How to get and give help during pandemic

Six months after the coronavirus caused major shutdowns and infected thousands of Ohioans, many people still are looking for ways to give while others still need help.

Explore9 items still in short supply after 6 months of pandemic

Three ways to give help

1. Donate blood.

You can donate blood to help out as blood centers enter the fall season with significant number of cancelled blood drives in September due to COVID-19 disruptions. Many employees continue to work from home and multiple area high schools began the year with remote learning, which also means cancelled blood drives or reduced capacity.

Community Blood Center in Dayton said Wednesday it was facing a critical need of type O-positive blood and is encouraging donations of all blood types. Make an appointment to donate at

2. Help a nursing home or assisted living resident.

If you want to get involved and advocate for local nursing home and assisted living residents, you can volunteer with the local ombudsman’s office.

The Long-Term Care Ombudsman Program advocates for residents rights in nursing homes and in other types of long-term care, such as assisted living and homes for people with developmental disabilities.

Chip Wilkins, long-term care ombudsman with the Dayton office, said local volunteers are helping with continuous rounds of calls to all the families of long-term care residents in the area.

“We’ve been calling all the families and touching base and asking questions and seeing if they have any complaints or issues,” Wilkins said.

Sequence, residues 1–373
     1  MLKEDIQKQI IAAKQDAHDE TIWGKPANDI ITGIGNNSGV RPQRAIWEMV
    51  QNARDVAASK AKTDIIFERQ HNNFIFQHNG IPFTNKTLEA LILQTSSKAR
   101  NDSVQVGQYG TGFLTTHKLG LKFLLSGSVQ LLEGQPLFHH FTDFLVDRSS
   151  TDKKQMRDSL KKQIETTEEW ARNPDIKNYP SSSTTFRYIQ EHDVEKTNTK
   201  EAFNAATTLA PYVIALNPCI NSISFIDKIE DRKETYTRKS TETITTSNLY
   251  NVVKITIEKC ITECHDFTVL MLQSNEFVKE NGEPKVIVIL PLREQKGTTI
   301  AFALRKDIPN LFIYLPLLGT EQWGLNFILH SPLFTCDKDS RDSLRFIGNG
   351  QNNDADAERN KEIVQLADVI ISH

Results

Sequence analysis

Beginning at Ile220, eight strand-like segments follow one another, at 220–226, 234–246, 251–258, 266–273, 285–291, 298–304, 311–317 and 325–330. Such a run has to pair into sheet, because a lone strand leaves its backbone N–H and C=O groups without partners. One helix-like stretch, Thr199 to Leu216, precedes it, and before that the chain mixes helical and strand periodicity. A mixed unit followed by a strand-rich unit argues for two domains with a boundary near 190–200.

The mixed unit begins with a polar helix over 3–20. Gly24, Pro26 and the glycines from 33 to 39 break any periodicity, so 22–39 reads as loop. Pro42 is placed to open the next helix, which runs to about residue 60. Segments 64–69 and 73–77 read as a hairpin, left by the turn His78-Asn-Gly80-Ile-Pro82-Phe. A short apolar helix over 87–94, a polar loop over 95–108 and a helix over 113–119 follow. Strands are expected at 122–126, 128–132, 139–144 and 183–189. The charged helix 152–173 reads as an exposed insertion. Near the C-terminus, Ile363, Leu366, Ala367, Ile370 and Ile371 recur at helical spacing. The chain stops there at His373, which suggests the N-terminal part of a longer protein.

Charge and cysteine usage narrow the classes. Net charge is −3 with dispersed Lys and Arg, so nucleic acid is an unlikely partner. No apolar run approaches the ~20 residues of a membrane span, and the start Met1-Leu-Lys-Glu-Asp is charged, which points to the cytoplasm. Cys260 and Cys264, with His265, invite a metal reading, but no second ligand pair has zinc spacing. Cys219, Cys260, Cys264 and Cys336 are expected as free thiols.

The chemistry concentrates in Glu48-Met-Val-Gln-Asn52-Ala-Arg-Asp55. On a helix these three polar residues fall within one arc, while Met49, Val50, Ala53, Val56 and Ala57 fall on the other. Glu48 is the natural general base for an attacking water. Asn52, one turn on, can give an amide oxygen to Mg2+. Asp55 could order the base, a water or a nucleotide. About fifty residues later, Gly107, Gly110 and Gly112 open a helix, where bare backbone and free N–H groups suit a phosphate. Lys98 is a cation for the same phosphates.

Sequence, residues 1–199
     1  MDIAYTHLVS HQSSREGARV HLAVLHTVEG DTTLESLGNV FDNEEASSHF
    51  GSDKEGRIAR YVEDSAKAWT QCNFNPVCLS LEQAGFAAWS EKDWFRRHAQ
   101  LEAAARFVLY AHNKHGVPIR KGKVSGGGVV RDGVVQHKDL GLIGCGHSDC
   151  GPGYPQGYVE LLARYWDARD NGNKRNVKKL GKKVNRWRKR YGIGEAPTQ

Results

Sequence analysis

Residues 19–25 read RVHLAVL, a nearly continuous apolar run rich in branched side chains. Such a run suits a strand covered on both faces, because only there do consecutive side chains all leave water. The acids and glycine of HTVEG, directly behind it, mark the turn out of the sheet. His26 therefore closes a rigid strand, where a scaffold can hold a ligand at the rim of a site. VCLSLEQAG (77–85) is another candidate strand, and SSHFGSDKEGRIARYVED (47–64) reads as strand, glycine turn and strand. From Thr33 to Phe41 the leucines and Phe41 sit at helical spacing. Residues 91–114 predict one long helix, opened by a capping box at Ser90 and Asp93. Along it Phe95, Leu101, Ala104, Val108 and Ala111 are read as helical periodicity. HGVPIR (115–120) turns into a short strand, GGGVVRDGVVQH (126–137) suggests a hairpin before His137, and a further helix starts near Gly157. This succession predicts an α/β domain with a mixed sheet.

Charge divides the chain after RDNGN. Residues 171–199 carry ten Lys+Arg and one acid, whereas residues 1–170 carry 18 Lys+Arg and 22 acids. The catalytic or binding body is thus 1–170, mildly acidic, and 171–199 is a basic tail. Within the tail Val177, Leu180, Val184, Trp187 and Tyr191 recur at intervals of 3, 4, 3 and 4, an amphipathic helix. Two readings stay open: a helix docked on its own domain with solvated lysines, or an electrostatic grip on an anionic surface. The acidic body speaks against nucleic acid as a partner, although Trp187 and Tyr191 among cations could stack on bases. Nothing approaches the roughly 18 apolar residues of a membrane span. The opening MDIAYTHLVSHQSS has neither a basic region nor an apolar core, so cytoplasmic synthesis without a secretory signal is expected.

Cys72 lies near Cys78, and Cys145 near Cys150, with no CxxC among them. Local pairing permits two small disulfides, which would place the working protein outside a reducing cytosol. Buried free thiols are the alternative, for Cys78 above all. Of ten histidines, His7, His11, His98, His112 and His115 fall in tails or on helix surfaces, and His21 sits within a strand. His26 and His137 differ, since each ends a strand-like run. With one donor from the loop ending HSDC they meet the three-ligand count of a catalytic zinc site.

Contact the volunteer coordinator for the Dayton-area Long-Term Care Ombudsman Program at 937-223-4613 or 1-800-395-8267. Or you can fill out a form online at The Dayton-area office serves Montgomery, Preble, Greene, Clark, Miami, Darke, Logan, Shelby and Champaign counties.

3. Fill out the Census.

Local governments across the region have seen their budgets take a hit during the pandemic and related job losses.

One small way to help our your community is to go online to or call 844-330-2020 to fill out the Census, to help make sure everyone is counted. The count shapes how much federal money comes back to local programs and how much representation the area gets in Washington, D.C.

If you need help, here are some options

UnitedWay of the Greater Dayton Area

You can call 211 to get help with a person who can review your situation and connect you to resources for your particular needs.

There’s also more information on local resources or how to help at

Domestic violence

Domestic violence victim advocates are worried the pandemic has left some people at home in unsafe situations. If you need help or are worried about someone else and unsure what to do, the YWCA Dayton’s 24/7 Crisis Hotline is at 937-222-SAFE (7233). Call 911 for emergencies.

Michelle Sayer, YWCA Dayton clinical director, said that while calls overall to the 24/7 hotline have decreased slightly compared to 2019, caller lethality — the likelihood of the situation to cause death — has increased dramatically, with nearly five times as many callers reporting an immediate safety concern in April 2020 alone.

“This number has also increased every month since, with the time sensitivity of calls at triple this time last year,” Sayer said.

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